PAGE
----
Will Absolve Me
ATTAINING A DEGREE FROM the university made no substantial difference in Fidel Castro's life. Though he opened an office in Havana with two recent graduates, his practice languished. The city had an abundance of lawyers, and even in the litigious metropolis there was little for him to do. Few cases came his way. In any event, he had no interest in the routine duties required of an attorney. He played baseball, talked with his comrades, at times through the night, read novels and historical works, took more courses at the university, attended political meetings, wrote articles for Alerta, a Havana liberal daily, and neglected his wife and child. He considered applying for a scholarship to study abroad, but procrastinated, and in the end did nothing about it. He was arrested and jailed briefly in Cienfuegos for inciting strikes and protests among secondary school students. Though his father continued his allowance, with no income from the law office there was never enough money. He did not mind penury, and he lived like a gypsy. He rarely ate his meals at home, preferring to throw something together at someone else's house—usually spaghetti with a butter sauce. He always insisted on doing the cooking himself.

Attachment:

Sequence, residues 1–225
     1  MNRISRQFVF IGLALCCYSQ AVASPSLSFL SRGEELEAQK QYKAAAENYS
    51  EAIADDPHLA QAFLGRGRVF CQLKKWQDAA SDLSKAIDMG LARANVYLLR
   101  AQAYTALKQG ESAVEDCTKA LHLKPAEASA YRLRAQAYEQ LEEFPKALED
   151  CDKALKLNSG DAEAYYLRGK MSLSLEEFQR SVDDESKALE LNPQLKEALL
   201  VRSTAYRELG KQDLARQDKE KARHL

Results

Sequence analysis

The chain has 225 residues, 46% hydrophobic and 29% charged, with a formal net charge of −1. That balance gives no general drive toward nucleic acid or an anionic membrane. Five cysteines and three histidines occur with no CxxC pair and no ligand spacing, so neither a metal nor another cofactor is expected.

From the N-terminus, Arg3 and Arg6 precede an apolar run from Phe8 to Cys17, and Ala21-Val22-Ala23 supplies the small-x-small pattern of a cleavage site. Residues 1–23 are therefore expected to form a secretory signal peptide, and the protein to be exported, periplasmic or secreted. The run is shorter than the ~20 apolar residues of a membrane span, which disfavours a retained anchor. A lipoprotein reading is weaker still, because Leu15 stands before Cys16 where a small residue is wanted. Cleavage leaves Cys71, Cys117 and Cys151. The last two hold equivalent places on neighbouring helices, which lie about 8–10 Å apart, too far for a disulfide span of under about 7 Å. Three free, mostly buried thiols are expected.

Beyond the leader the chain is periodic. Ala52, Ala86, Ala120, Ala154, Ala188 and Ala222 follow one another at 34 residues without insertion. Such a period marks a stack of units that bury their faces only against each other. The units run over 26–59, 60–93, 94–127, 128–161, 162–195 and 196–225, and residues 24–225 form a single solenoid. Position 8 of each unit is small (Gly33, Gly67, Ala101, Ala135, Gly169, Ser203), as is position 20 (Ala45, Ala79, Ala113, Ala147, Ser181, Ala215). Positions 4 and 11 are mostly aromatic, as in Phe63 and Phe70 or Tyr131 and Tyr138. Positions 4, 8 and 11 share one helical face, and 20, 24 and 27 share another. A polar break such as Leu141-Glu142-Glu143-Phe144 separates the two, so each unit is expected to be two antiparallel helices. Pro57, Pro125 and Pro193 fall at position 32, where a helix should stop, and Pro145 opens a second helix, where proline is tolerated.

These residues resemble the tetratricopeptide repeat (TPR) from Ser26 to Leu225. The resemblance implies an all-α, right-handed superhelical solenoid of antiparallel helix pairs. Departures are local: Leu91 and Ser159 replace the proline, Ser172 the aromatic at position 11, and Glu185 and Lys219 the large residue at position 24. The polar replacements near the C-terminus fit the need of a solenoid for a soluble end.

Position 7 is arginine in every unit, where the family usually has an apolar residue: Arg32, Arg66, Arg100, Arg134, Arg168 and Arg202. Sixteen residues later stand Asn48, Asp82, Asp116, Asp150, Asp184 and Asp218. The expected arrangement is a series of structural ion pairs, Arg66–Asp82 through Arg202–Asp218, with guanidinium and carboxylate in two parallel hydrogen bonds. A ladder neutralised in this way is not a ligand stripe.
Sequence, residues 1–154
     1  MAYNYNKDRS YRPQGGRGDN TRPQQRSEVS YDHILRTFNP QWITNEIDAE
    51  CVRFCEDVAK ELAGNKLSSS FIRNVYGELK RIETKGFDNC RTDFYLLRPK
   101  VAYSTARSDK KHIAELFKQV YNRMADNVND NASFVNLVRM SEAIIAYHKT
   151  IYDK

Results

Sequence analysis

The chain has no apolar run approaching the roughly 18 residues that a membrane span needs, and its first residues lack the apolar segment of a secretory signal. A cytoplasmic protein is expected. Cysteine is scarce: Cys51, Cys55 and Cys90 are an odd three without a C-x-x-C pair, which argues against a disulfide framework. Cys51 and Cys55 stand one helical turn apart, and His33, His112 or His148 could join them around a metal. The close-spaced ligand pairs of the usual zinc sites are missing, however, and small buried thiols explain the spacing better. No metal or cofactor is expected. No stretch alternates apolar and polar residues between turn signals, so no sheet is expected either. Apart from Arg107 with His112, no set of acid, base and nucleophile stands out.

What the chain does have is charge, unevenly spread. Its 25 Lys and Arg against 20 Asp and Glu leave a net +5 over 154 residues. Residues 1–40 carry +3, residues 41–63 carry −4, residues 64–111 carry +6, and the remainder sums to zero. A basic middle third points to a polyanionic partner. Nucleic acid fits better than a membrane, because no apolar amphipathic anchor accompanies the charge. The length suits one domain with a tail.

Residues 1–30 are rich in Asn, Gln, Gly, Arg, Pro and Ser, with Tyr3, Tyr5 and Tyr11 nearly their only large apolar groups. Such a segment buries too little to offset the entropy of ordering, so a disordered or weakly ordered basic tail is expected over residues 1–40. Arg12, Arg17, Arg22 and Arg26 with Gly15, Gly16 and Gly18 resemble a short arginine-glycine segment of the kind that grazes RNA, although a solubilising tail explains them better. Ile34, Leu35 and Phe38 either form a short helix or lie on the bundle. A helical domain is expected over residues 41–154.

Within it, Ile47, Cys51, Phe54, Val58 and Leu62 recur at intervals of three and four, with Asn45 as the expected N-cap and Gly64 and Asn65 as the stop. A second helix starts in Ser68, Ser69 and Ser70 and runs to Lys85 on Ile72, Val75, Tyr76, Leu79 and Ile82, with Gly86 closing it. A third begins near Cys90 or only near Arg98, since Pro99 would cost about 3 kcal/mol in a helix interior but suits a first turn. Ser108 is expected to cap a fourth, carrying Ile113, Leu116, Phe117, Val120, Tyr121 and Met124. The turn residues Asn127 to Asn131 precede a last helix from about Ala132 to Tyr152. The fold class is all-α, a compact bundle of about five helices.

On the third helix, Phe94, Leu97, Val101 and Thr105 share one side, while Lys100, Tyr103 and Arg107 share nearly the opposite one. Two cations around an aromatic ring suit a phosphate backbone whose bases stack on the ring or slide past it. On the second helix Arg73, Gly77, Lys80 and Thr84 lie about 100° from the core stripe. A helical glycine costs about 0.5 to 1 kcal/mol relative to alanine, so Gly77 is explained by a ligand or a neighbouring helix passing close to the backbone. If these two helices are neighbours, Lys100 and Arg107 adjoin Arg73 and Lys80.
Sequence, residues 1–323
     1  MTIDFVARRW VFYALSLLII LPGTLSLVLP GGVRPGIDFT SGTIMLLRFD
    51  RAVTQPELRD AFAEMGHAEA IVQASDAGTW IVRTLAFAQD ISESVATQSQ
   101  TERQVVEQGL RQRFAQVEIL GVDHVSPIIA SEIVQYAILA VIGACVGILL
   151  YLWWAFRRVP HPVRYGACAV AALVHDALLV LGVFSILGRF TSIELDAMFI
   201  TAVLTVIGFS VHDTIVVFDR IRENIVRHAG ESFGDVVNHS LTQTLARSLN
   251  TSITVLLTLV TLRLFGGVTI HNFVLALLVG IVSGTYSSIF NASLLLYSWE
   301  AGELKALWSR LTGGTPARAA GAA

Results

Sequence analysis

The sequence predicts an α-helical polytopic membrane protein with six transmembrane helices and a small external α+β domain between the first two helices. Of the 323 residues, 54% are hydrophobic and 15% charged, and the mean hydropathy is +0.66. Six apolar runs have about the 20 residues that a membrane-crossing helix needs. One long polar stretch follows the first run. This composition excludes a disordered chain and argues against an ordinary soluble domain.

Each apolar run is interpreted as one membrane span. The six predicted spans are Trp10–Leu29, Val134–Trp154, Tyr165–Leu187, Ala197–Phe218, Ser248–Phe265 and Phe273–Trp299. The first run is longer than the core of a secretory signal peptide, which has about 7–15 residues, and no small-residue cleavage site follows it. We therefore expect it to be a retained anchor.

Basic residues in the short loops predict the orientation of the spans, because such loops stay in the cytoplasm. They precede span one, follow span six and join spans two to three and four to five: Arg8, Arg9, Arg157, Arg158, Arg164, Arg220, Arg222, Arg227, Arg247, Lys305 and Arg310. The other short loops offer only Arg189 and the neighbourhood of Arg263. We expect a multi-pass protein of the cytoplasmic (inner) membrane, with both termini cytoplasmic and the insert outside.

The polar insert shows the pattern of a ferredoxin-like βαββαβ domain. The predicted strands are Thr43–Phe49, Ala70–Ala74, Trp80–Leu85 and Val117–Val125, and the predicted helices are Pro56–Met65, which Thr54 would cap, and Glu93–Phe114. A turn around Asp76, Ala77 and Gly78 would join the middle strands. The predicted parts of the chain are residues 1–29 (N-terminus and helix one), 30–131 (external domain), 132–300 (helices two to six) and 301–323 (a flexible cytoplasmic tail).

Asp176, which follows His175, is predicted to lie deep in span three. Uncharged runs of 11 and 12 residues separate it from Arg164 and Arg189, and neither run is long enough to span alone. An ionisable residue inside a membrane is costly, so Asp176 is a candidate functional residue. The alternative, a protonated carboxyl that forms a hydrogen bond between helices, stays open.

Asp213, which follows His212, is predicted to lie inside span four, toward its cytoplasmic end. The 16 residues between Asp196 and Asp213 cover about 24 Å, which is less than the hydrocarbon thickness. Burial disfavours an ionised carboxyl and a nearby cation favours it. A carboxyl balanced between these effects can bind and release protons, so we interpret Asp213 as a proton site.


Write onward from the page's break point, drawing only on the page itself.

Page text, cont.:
Mirta complained to her friends about his politicking, about the trammels of their irregular life. He was seldom at home, she said, and they were always poor. Often she lacked the money to buy milk for the baby. More than once their electricity was cut off, and they usually owed the butcher and grocer. Their car was repossessed. On one occasion Universo Sánchez, a peasant from Matanzas, lent them money to pay the electric bill. On another, when Castro was out of town, Mirta telephoned Jorge Azpiazu, one of her husband's partners, and asked him to come over. She was weep